Livefire Thanksgiving

Thanksgiving is probably my favorite holiday. My family gets together as much as possible, there’s no real pressure to go to more than one house for the day, there’s usually good football and there are still three days left before going back to work!

As a food lover, the day also food. I like to try new things pretty often, except on Thanksgiving. Thanksgiving, to me, is a day to do traditional food… turkey, mashed potatoes, stuffing, etc. In Livefire manner, though, this year’s Thanksgiving dinner was done using nothing but outdoor cooking! That’s right… the whole meal would be cooked using nothing but charcoal and wood for heat!

I used three cookers outside: an XL Big Green Egg (BGE), a Bubba Keg Convection Grills (BKCG) and a Weber One-Touch Gold 22.5″ grill. The BGE and BKCG were used for smoking and baking, and the Weber was used as a cook top.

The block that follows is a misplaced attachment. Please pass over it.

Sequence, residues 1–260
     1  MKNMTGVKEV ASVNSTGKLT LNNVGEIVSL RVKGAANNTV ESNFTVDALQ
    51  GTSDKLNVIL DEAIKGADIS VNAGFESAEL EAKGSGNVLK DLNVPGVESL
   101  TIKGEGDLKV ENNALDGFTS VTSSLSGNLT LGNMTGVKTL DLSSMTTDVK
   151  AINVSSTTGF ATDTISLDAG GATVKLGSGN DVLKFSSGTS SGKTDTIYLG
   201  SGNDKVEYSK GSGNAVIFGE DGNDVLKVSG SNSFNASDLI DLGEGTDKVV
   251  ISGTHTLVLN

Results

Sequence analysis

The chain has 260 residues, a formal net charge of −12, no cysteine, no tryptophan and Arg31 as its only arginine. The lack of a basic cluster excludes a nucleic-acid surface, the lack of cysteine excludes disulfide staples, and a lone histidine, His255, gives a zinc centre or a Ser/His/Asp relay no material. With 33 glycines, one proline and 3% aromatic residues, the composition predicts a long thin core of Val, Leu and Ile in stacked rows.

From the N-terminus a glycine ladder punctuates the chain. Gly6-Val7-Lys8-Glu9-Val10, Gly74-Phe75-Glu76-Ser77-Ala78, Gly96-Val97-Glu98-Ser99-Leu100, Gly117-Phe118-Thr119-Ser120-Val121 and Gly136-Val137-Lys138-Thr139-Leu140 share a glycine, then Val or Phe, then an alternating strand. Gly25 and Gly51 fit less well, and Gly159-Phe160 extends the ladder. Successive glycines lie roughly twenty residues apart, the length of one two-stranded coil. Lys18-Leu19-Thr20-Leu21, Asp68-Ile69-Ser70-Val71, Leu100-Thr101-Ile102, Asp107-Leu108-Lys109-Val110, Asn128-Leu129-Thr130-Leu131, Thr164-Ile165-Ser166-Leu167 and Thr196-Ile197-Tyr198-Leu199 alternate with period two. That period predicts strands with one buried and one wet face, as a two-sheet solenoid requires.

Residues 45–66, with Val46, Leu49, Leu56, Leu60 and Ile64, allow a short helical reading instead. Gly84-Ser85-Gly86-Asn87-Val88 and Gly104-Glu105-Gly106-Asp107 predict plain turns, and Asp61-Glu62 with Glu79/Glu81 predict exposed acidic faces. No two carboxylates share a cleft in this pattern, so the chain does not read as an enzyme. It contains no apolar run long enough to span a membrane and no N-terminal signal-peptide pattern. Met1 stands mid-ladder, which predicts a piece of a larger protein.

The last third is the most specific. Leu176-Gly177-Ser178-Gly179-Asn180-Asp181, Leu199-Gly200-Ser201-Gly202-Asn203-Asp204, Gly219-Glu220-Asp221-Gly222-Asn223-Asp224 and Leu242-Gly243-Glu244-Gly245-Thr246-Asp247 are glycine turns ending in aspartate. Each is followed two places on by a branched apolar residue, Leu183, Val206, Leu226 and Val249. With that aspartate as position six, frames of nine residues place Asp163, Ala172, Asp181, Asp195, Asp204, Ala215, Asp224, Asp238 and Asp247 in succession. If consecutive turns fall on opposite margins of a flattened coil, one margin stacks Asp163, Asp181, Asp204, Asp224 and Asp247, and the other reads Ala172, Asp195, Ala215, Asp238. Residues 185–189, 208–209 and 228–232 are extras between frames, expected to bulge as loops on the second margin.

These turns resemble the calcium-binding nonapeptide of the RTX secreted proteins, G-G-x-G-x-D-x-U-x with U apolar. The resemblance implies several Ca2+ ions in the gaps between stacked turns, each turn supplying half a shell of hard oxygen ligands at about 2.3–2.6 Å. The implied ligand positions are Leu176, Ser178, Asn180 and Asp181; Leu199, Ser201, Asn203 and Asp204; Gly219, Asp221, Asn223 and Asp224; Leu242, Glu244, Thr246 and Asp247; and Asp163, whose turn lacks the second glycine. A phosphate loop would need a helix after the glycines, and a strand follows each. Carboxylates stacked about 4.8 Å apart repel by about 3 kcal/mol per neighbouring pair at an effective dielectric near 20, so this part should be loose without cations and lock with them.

This year, I wanted to smoke a big turkey again, because I like leftovers! I like them so much, I can be heard this weekend on an hourly basis on Hybrid FM, Waynesville, Ohio, small town radio and on the internet talking about leftovers. I picked up a 28.5 pound naturally-raised, fresh turkey from Dorothy Lane Market, raised at the Bowman & Landes turkey farm about 30 miles from our house.

I brined the turkey overnight Tuesday night, in a brine with 3/4 cup salt per gallon of water (it took about 3 gallons), 1/2 cup Turbinado sugar per gallon, 1 cup of bourbon, about 2 tablespoons of peppercorns, 3-4 sprigs of fresh sage, 3 fresh bay leaves and a few sprigs of fresh thyme. Since the Bruno the turkey was so big, I put the brine and turkey in a good cooler, adding 16 lbs of ice to ensure it stayed cold. After 24 hours in the brine, I rinsed off the bird, cleaned out the cooler and put the bird back in after drying it off, again with 16 lbs of ice.